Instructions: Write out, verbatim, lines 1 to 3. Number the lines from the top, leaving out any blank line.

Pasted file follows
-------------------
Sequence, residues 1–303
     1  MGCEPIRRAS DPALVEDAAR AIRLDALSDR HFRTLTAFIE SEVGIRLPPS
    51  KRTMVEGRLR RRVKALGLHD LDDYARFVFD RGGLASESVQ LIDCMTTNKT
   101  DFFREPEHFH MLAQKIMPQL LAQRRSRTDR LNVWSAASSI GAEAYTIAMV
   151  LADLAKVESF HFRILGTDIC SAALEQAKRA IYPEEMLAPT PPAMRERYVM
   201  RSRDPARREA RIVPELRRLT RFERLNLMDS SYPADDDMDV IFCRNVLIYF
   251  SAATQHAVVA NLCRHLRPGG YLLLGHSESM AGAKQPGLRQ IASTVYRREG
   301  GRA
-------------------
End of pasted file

Sequence, residues 1–303
     1  MGCEPIRRAS DPALVEDAAR AIRLDALSDR HFRTLTAFIE SEVGIRLPPS
    51  KRTMVEGRLR RRVKALGLHD LDDYARFVFD RGGLASESVQ LIDCMTTNKT